HBR article Paul A. O’KeefeCarol DweckGreg Walton SEPTEMBER 10, 2018
Some people lean more toward the view that interests are inherent in a person, simply waiting to be awakened or found — this is what we call a fixed mindset of interest. Others lean more toward the view that interests can be developed and that, with commitment and investment, they can grow over time — we call this a growth mindset of interest.
Some companies have seen the value of cross-disciplinary problem-solving and have implicitly adopted a growth mindset of interest. For example, Tim Brown, CEO and president of the design consulting firm IDEO, has emphasized the value of the “T-shaped person.” The vertical line of the T represents one’s depth of expertise in a field, whereas the horizontal line represents one’s diverse interests, and ability to work and collaborate across areas. Like those with a stronger growth mindset, T-shaped people are experts but do not necessarily have a singular focus, and look for inspiration from multiple areas.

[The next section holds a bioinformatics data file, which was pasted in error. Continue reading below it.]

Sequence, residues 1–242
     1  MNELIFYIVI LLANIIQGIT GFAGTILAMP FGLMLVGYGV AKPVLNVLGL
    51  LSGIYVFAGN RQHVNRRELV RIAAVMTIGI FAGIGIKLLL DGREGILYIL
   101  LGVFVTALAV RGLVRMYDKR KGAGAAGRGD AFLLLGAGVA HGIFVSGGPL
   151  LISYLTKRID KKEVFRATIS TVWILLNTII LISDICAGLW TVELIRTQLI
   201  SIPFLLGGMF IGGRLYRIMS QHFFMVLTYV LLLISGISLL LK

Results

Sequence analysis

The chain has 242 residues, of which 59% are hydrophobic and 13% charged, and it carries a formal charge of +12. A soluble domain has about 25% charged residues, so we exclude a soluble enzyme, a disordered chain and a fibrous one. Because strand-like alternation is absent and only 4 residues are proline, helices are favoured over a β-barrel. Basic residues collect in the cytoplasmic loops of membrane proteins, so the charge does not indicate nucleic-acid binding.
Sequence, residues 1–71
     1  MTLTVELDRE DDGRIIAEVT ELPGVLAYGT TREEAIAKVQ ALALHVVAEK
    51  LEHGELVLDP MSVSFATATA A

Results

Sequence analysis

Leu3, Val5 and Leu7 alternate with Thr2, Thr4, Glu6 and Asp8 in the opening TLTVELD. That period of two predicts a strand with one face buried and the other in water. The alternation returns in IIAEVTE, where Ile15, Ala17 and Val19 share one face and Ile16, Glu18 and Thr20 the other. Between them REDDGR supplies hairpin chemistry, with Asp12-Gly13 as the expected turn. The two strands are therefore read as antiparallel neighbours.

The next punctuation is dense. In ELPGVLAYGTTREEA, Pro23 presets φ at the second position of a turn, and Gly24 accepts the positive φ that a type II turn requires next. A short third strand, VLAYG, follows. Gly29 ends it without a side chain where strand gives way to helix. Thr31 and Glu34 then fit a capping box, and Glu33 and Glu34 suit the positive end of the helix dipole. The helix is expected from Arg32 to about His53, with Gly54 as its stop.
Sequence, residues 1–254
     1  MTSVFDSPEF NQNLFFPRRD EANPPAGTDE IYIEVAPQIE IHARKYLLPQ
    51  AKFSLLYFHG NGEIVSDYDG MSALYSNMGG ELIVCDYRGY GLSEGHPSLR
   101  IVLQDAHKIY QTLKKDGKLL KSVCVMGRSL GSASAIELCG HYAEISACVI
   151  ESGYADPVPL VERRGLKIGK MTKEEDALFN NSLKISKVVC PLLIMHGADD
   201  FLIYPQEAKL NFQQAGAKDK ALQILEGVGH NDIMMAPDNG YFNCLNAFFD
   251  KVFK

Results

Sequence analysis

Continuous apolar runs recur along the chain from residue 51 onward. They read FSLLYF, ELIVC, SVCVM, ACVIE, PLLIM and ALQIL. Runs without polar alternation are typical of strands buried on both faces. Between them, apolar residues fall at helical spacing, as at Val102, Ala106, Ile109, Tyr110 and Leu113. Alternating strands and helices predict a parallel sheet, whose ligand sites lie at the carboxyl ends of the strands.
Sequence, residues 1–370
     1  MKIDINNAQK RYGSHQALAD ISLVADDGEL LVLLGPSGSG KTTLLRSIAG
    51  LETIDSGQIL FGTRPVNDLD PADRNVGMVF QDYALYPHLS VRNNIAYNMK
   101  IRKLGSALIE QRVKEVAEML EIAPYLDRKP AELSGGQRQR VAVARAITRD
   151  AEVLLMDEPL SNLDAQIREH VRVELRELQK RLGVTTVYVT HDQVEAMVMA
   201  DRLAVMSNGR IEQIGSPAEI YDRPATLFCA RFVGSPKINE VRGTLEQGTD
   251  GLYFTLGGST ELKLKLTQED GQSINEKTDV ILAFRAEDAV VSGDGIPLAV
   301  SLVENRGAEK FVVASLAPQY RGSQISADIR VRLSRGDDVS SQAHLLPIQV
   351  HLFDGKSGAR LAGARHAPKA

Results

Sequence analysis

Innovation requires both reaching across fields and, often, acquiring more than a surface-level understanding of those fields. This means that when people reach across fields they must maintain that interest even when the material becomes complex and challenging. A growth mindset of interest may help promote this kind of resilience.
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